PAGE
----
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5.0 out of 5 stars
A Must Read - Thorough, Measured and Compelling, 12 Sep 2011
Anglo Republic: Inside the Bank that Broke Ireland by Simon Carswell is a thoroughly satisfying and compelling read. Carswell documents the rise and fall of the bank demonised by the Irish media in a superbly thorough and measured fashion. Eagerly anticipated, the volume brings together many of the tantalisingly shocking stories surrounding the high-flying executives of Anglo Irish and weaves them together with technical explanations and thorough research into an eminently readable and ultimately fulfilling expose of the big decisions and the the mindsets that led to the downfall of the institution.
I was eager to read the book to understand the fuller story behind the headlines and I was not disappointed. Like most Irish these days I would love to see the publicly identified culprits behind the mess at Anglo Irish hanged, drawn and quartered. Their lavish lifestyles and seemingly reckless disregard for the implications of their decisions seemed clear and unforgivable. Surprisingly, with the presentation of the fuller picture, I found myself more understanding of the human dimension to the story. While not able to accept the reckless actions, one comes away with a fuller appreciation of how small risks lead to larger risks and how personalities combine to catalyse specific and fatal outcomes. The failure of regulators and of the government to deal with the developing situation and their own culpability is made blatantly clear. In both of their cases, intentions may well have been laudable, but the capacity to undertake the hard and measured decisions to deal with the crisis at the appropriate time and in an effective way were crucially lacking. Lack of information and a recurring need to choose the seemingly least damaging solution lead to not just wrong, but potentially disastrous results for all parties. Unwillingness to gain a full understanding, or willingness to countenance borderline illegal activities in hope of a future salvation that will excuse such actions by regulators and politicians are identified. The parallel with the way in which decisions are made and justified within Anglo is hard to miss. While the government operates with the misperceived interests of the country and heart, the bank operates with similarly dangerous misdefined interests of shareholders. Both are complicit and held to account. The human face of Anglo is never doubted, we learn that inter-bank rivalries, failures to maintain relationships and implicit instructions from the central bank are (perhaps not unknowingly) misinterpreted leading to what can be judged as clearly illegal in the greater perspective but are muddlier on the firing line.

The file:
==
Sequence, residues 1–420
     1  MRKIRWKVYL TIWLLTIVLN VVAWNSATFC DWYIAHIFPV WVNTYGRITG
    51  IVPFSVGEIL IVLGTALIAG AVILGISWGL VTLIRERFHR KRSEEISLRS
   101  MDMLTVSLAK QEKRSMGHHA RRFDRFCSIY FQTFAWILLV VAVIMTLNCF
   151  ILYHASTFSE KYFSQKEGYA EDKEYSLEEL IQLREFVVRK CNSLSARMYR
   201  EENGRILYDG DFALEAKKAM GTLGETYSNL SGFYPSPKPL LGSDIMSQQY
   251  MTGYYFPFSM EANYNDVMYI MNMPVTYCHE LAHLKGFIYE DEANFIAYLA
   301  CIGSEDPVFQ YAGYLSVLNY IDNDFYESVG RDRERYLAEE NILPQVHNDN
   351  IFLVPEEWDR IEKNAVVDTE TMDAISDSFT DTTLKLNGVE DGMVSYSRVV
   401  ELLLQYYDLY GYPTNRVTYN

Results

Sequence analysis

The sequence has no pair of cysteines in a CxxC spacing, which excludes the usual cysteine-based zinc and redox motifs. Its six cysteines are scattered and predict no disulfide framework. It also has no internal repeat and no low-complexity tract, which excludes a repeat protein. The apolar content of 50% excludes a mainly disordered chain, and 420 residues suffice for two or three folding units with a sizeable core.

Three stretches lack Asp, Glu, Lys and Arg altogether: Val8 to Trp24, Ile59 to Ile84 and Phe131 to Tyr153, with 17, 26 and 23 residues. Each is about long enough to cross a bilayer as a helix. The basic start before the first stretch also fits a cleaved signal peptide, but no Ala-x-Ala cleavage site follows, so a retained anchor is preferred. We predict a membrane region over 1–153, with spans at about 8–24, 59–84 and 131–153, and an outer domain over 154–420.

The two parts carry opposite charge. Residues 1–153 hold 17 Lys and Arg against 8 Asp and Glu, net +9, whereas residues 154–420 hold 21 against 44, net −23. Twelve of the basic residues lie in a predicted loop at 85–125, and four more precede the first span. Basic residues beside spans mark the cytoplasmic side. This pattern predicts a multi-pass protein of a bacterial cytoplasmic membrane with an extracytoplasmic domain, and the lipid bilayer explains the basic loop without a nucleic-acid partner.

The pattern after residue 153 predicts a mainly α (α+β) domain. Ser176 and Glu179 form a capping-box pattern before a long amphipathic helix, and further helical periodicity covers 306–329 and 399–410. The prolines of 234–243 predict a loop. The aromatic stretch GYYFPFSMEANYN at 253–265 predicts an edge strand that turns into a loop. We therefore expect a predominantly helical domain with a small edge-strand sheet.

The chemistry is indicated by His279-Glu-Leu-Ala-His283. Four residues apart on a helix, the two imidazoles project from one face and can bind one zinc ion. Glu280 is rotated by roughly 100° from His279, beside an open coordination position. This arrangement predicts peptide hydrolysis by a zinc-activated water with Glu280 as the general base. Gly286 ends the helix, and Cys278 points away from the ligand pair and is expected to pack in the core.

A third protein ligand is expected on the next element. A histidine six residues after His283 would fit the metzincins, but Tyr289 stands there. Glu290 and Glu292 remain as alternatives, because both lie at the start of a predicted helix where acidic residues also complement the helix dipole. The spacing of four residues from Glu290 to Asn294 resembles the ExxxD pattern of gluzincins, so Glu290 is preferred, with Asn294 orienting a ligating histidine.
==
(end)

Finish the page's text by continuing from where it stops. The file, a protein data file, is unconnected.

The book is not an attempt to make apologies or to allow for the excusing of what are deeply illegal and ingenuous actions, but surprisingly they put Anglo and its executives into a broader picture of mistakes, misdeals and inability to comprehend the true gravity of the situation throughout the Irish and european banking community and the financial regulators and the Irish government itself. There is a point when all become victims of their earlier actions and generally helplessly caught up in the current of the larger economic situation - if the books posits any question for the reader, its a matter of when particular actors hit this point of losing control.
Sean Quinn comes out of the story particularly badly. His seemingly all or nothing gamble on taking options on Anglo shares is pictured as a naive move that leads to his manipulation by self-concerned bankers. Anglo's efforts to find a solution to his altruistically presented attempt to take a dominant equity position in the bank are made surprisingly undertandable and desperately necessary (allowing for some sense of paranoia on the banks part). Suddenly the Maple 10 seem far less culpable in this strange affair - in this volume presented as largely names signed to agreements (although some seem to have benefited substantially largely without their own direct intent). Quinn is painted as simple man driven by good intentions but caught up in machinations far behind his control. This portrayal seems somewhat less than plausible given his demonstrable past business acumen. He is painted as no different from many of these rags to riches celtic tiger billionaires. From simple backgrounds, many built commendable firms through hard work and determination. At some point though they, like Sean Fitzpatrick, became deal junkies and just couldn't stop even when the numbers ceased to add up. They all fall victims to the carefully manipulated and contrived financial pictures they were publicly presenting.
Clearly the entire experience is a story of hubris and greed, but Carswell has extend this simple reflection into a deeper appreciation of the times and circumstances that lead smart businessmen to attempt stupid things.
For all the Irish taxpayers wondering where their and subsequent generations livelihoods are being spent and what mentalities surrounded the mad celtic tiger drive for growth, this book is required reading. It is crafted in a most readable fashion and presents a very balanced and surprisingly rational look at what would otherwise be a creative tale, were it not all too true.